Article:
Saturday, April 03, 2004

Philosophical sidenotes: on walking

This morning I slept in a bit, then had to go out and run an errand at the Savings Bank up on Seventh Avenue. I stopped by the big coffee house down the street from me, got my large hazelnut coffee with lots of milk and sugar and then started up the hill.

After I did my business at the bank, I decided to do a little window-shopping along Seventh Avenue. It has been an overcast day (seven days in a row!) and the temperature has been a middling 50 degrees Fahrenheit. Nonetheless, there were lots of people out on the streets, perusing the wares of street vendors and stopping in and out shops, doing their grocery shopping, picking up the dry-cleaning, or meeting friends for brunch.

Despite the grayness and the slightly less than balmy temperatures, evidence of spring is abundant. Our local city-hardened songbirds were in full melodious swing: robin, cardinal, mockingbird, and English sparrows (these last aren’t so melodious, just a persistent and jaunty "chirp!" over and over).

I walked the length of the Avenue from Union Street to 9th Street then downhill on 9th back to Fifth Avenue and thence home. I was stopping in every florist and plant store along the way (a grand total of 4 along this route), observing their wares and their retail spaces. I’ve had an idea lately of opening up a plant store of some kind.

Thoreau tells us one "must walk like a camel, which is said to be the only beast that ruminates while walking." During the course of my perambulations, I fell to thinking how lucky I am to live in a place where I can conduct all of my personal business, and then some, on foot. -- I can even walk to work, at present, although that is more of a hike than a saunter.

Walking is an under-appreciated mode of transportation in America, and increasingly, I suspect, elsewhere in the developed world. This I note with some concern. We abandon walking at our peril.

I find myself grasping toward an ethical precept, a "moral imperative." Walking has value, and it would be better if humans lived in such a way that facilitated the use of walking for daily business and pleasure. How can I justify such a claim? What are the rational grounds for suggesting to people that they ought to walk, not drive, and that they ought to live in a place that facilitates walking?

When I walk, I am in intimate association with my environment. One sees and feels things one wouldn’t otherwise notice if not walking. Walking is also at a pace that allows one to savor and appreciate (or critically examine) one’s surroundings. Every technologically mediated form of transportation beyond walking removes one from intimate contact with one’s surroundings in greater and greater degrees. First it’s the bike and the rollerblades: zipping by a little faster than on foot, the small things become invisible. Then it’s the automobile, further sealing the traveler off from reality – the noise, the heat or cold, the wind and smells of life. Then there are trains and buses, and finally airplanes that magically transport us within a metal cocoon over vast stretches of the countryside such that we might lose all sense of the immensity of the intervening lands. It’s a common attitude among the New York cultural elite that nothing worth noticing exists between the Hudson River and the west coast. Everything in between is to be past over as quickly and painlessly as possible.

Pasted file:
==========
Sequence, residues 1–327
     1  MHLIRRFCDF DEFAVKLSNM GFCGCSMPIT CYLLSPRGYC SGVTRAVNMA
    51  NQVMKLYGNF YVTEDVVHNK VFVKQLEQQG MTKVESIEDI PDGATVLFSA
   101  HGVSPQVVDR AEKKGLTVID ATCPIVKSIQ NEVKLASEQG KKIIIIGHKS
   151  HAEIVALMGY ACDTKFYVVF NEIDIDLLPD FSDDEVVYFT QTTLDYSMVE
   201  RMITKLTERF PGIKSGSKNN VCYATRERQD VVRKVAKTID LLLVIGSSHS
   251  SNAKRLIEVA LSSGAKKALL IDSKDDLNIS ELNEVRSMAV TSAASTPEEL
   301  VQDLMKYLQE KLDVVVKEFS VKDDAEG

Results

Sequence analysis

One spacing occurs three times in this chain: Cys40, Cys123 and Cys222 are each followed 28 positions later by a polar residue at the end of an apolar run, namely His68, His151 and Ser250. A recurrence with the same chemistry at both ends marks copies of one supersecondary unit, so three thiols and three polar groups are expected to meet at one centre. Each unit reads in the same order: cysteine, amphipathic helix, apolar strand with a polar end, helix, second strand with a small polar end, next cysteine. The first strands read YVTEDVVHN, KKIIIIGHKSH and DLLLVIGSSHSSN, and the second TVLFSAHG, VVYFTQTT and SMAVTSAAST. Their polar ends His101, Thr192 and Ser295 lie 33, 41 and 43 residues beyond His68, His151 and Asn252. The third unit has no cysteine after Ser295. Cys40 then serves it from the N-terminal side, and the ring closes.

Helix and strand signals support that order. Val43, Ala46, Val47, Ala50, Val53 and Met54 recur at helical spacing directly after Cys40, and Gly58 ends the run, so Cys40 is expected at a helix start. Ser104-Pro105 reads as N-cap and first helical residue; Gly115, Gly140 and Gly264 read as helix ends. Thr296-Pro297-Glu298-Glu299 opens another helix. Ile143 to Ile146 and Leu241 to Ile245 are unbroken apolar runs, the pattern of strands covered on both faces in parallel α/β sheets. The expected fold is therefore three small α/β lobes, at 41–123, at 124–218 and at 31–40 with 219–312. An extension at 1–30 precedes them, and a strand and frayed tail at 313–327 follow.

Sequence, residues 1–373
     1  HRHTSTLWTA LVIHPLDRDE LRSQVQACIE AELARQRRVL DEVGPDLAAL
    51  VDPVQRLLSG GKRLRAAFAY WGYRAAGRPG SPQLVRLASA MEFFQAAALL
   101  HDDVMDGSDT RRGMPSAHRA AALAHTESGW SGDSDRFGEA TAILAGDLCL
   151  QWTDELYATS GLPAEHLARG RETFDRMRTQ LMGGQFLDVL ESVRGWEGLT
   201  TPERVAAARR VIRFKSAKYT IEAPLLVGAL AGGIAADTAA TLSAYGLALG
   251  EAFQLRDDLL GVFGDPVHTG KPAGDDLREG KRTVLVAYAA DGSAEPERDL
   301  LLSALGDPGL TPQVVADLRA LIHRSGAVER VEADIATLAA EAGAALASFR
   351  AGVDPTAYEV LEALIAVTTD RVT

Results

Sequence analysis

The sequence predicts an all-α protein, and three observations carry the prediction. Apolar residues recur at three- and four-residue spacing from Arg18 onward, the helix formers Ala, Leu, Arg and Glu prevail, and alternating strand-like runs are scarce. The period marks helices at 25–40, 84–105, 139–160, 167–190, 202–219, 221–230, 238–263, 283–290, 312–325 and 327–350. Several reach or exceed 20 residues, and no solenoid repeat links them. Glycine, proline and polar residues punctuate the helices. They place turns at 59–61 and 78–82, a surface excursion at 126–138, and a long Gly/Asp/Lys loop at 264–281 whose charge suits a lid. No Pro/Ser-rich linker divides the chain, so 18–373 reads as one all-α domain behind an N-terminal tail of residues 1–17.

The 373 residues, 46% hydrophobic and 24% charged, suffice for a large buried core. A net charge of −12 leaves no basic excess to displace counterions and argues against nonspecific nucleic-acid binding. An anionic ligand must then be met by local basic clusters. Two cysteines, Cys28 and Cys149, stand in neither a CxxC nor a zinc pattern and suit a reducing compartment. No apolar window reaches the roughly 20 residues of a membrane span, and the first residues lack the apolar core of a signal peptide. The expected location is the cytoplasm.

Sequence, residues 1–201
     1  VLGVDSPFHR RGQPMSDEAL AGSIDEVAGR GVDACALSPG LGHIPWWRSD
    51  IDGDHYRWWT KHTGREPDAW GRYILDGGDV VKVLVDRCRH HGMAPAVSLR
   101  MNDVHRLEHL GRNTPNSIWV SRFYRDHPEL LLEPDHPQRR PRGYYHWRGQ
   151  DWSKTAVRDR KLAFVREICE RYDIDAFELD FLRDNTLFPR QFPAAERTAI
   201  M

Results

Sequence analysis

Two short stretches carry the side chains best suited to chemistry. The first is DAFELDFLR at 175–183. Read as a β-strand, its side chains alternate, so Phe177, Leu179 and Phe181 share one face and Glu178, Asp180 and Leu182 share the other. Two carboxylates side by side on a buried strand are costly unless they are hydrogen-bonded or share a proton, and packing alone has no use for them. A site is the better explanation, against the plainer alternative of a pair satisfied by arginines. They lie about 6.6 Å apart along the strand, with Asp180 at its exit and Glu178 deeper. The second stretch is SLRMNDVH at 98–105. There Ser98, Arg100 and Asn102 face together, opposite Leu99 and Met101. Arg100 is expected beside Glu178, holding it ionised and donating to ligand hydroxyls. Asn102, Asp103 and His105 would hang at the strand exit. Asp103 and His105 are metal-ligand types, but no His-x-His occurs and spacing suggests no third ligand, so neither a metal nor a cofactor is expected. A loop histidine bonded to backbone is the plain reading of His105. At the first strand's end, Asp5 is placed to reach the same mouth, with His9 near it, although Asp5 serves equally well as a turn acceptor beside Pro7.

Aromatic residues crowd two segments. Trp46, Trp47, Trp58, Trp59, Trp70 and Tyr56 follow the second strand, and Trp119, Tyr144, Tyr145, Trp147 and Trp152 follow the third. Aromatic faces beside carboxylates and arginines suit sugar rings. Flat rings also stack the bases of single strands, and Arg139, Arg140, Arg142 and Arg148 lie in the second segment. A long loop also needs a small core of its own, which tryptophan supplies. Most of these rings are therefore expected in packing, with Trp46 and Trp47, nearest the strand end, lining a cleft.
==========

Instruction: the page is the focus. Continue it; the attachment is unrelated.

So walking is an exploration of the intimate connection we all have, whether we really want it or not, with nature – human nature as well as the non-human kind. When we don’t walk, we forget who we are, and we become oblivious to the multitude of injustices done against the earth – and against one another. Nature exists, even in the city. It’s doubly important for the urban and suburban dweller to feel the earth beneath his feet.


“I wish to speak a word for Nature, for absolute freedom and wildness, as contrasted with a freedom and culture merely civil – to regard man as an inhabitant, or a part and parcel of Nature, rather than a member of society. I wish to make an extreme statement, if so I may make an emphatic one, for there are enough champions of civilization: the minister and the school committee and everyone of you will take care of that.” – Henry David Thoreau, “Walking.”

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